This study investigates the role that surface functionalisation of silicone elastomer (SE) by atmospheric pressure plasma induced graft immobilisation of poly(ethylene glycol) methyl ether methacrylate (PEGMA) plays in the attendant biological response.
SE is used in modern ophthalmic medical devices and samples of the material were initially plasma treated using a dielectric barrier discharge reactor (DBD) to introduce reactive oxygen functionalities, prior to in situ grafting of two molecular weights of PEGMA (MW 1000 Da: PEGMA1000, MW 2000 Da: PEGMA2000). The variously processed surfaces were characterised by water contact angle analysis, X-ray photoelectron spectroscopy, time-of-flight secondary ion mass spectrometry and atomic force microscopy.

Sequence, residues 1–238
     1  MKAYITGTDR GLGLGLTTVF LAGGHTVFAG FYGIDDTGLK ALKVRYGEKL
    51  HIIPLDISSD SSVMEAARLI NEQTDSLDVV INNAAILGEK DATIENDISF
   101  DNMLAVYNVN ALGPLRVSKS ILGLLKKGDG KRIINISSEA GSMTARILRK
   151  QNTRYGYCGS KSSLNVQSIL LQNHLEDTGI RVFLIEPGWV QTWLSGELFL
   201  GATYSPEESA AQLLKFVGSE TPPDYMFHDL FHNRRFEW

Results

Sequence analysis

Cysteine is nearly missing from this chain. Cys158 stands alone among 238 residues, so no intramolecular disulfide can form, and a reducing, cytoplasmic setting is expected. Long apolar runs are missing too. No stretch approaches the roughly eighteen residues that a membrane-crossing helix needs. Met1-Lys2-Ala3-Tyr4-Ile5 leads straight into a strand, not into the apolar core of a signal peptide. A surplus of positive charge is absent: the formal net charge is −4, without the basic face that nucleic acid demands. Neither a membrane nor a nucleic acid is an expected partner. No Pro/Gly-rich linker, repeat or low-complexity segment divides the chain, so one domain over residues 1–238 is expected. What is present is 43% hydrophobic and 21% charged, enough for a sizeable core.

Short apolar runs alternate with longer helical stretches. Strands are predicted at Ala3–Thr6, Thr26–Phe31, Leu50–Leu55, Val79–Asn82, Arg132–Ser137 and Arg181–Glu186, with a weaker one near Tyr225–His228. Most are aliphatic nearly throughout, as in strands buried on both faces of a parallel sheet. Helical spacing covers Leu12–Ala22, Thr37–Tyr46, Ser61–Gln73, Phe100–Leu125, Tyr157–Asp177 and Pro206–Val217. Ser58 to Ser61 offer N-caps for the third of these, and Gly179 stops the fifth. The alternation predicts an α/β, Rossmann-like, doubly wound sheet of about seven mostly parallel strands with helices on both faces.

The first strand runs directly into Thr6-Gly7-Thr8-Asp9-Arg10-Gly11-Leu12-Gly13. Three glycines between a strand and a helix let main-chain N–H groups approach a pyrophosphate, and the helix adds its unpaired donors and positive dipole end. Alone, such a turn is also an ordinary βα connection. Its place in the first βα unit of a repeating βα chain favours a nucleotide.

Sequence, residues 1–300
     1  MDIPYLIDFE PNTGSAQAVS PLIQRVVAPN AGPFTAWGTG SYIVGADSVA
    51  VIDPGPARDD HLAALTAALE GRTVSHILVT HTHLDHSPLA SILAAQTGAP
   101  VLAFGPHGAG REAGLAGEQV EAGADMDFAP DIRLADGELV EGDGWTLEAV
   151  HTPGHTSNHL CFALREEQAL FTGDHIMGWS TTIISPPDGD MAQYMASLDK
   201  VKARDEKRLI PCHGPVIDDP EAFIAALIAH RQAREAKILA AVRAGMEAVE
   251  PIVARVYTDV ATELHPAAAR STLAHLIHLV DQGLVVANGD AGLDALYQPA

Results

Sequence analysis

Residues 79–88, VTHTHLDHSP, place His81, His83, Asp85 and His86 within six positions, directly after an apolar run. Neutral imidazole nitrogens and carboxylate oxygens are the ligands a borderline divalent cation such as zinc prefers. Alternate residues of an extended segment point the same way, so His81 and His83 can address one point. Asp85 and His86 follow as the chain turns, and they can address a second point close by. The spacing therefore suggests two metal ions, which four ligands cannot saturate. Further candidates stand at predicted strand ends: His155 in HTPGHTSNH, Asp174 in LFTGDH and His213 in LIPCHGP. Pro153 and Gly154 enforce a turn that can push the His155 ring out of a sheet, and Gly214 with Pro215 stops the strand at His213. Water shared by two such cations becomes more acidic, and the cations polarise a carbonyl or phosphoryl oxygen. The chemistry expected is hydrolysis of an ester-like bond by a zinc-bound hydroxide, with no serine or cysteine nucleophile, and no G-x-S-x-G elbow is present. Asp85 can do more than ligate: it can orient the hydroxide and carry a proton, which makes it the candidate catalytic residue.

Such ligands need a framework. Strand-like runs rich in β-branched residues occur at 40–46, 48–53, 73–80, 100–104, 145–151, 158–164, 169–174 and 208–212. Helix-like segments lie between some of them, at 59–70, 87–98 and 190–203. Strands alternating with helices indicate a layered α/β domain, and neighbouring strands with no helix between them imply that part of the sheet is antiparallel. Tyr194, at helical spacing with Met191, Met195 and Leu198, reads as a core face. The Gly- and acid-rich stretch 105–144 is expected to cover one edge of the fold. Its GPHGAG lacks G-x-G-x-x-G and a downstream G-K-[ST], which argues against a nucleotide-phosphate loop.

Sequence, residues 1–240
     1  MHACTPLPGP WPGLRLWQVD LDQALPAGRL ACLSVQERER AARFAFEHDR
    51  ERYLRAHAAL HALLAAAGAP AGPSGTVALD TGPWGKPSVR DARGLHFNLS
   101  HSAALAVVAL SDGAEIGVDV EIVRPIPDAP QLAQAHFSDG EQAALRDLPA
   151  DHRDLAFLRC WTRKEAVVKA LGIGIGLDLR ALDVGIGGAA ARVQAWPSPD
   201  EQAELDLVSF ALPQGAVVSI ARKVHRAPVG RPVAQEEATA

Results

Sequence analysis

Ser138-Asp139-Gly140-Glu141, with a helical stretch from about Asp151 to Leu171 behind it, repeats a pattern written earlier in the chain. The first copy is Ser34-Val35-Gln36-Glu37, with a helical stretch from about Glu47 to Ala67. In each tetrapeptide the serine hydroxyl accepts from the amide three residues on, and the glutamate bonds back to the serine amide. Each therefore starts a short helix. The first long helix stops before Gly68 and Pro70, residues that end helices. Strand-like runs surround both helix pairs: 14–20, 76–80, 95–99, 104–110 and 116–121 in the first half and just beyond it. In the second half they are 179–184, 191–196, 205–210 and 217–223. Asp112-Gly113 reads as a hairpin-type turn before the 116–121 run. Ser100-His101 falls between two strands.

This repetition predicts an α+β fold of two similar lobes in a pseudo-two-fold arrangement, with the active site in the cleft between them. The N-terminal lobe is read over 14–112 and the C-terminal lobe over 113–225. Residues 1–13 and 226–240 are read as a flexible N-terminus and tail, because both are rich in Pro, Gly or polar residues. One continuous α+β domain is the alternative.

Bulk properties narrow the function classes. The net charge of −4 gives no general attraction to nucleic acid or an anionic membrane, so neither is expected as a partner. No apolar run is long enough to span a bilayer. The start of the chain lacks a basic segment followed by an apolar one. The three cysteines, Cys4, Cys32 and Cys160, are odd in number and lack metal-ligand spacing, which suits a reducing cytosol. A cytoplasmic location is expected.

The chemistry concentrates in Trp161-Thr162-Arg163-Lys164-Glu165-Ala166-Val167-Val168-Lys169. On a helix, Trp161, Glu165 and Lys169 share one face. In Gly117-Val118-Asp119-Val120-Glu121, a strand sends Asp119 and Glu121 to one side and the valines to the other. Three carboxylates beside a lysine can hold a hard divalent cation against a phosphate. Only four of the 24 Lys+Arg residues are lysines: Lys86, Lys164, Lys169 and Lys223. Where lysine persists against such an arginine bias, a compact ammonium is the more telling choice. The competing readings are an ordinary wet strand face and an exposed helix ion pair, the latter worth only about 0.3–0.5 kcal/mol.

Lens epithelial cells were then cultured on the PEGMA grafted SE surfaces. It was found that cells on the pristine surface were not well spread and had shrunken morphology. On the DBD pre-treated surfaces, the cells were well spread. On the PEGMA1000 surface, the cells displayed evidence of shrinkage and were on the verge of detaching. Remarkably, on the PEGMA2000 surface, no cell adhesion was detection. Bacterial adhesion to the surfaces was studied using Staphylococcus aureus NTC8325. There was no difference in the number of bacteria adhering to any of the surfaces studied.
RA D’Sa, J Raj, MAS McMahon, DA McDowell, GA Burke, BJ Meenan.Read Article